2. The participants begin with a presentation of the results they got since the last seminar
4. Then the group discusses the question of the month, preparing experiments to be done in
order to solve open questions.
3. The participants decide the topic of the next seminar.
1/4
Experiments can be done, if necessary, and results of experiments can be shown to the
participants.
Why it is important :
This seminar helps to :
clean culinary practices
-
promote scientific modelisation of culinary practices
-
explore culinary “precisions” (all the advices that are added to the “definitions” of
-
dishes given through recipes
modernize culinary teaching
-
add a research activity to culinary teaching
-
present to the culinary world new ingredients, methods, hardware...
-
and more
-
Under the direction of :
Reine Barbar- Lara Hanna Wakim
Food Science Department
Faculty of Agricultural Sciences
Holy Spirit University
PO BOX 446., Jounieh, Lebanon
reinebarbar@usek.edu.lb
T: +961 9 600874
II. Exposition of molecular gastronomy and the “cuisine note by note”:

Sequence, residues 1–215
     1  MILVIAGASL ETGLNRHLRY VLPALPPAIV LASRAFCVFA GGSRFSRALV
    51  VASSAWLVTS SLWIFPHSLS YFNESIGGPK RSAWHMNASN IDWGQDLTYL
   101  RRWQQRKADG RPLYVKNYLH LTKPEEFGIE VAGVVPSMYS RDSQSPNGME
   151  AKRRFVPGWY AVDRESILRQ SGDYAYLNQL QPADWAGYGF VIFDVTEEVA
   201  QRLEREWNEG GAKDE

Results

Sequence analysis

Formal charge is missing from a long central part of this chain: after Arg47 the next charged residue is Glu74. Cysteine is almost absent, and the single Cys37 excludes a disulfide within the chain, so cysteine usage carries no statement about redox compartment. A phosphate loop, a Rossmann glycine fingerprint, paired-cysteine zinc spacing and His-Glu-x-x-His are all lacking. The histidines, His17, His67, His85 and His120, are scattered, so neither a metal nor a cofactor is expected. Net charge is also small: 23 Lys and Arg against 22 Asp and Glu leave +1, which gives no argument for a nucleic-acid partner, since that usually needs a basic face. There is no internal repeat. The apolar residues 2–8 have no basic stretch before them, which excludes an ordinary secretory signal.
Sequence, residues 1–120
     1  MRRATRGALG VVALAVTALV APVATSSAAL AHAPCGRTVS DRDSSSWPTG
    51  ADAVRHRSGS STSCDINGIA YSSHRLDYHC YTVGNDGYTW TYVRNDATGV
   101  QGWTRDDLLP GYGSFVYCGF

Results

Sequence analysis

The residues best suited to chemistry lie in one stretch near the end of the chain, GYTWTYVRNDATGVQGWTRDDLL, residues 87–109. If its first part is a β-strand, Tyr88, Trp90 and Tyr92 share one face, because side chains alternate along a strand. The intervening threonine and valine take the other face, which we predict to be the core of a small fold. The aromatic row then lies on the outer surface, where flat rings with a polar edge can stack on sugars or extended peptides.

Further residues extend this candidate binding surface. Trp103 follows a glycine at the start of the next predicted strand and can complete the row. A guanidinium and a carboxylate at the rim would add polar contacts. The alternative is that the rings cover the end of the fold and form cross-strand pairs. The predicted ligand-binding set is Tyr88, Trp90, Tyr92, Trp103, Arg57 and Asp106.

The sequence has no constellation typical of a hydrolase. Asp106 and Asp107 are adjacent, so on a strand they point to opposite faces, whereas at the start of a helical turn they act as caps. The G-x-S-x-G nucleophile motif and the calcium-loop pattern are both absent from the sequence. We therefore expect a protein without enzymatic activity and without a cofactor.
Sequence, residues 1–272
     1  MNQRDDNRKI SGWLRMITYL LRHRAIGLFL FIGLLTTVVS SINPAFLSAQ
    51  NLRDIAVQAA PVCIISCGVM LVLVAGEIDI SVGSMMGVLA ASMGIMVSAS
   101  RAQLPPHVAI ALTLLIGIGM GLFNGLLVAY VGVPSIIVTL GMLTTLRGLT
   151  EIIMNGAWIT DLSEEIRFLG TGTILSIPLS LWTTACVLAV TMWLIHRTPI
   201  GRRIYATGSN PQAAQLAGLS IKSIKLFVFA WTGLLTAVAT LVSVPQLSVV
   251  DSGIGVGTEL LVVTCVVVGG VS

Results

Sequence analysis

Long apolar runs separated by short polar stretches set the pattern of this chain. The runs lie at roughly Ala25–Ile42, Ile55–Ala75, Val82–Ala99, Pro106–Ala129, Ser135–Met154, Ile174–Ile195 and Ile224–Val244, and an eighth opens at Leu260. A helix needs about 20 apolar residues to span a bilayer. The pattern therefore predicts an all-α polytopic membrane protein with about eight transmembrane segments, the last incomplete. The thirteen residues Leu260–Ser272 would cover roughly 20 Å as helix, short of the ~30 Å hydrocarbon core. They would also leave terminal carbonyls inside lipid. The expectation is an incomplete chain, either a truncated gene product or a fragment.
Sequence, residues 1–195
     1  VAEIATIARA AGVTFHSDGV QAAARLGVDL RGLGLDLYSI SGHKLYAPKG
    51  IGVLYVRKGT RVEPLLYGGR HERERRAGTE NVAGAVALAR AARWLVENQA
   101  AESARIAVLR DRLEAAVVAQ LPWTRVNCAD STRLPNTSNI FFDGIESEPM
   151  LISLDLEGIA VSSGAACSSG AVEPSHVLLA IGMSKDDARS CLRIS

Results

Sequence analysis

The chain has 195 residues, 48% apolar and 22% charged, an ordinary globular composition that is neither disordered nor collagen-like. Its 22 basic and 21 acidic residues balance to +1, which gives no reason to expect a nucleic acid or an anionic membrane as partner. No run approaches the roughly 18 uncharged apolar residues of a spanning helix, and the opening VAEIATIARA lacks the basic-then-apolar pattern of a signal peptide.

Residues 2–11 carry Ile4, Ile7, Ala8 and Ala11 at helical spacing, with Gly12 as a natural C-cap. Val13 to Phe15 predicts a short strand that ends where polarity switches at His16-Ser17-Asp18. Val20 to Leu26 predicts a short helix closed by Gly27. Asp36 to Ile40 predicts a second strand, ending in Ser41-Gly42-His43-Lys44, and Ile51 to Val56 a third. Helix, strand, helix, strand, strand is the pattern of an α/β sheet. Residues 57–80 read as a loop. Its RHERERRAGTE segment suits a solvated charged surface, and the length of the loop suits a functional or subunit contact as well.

Prof Hervé This introduced the terminology of molecular gastronomy and its difference with
molecular cooking:
It should be said vigorously that molecular gastronomy is a scientific discipline and a
branch of physical chemistry that looks for mechanisms of phenomena occurring during
culinary transformations. The discipline was named by Nicholas Kurti (1908-1998), the
other founder of molecular gastronomy and Prof Hervé This.
Molecular cookery: yes, molecular cookery, also called molecular cuisine, or science-based
cooking, is cooking, and not science. Of course, also, it would be silly to consider that
molecular cooking (or cookery) is a question of using molecules for cooking, as all food is
made of molecules... but some journalists and chefs did not take time to consider that
“molecular cooking” is a composed expression, proposed only to make the distinction with
molecular gastronomy. And as molecular cooking is cooking, it means producing dishes.
"Note by Note Cooking" is a new way of cooking that will be next after Molecular Cooking.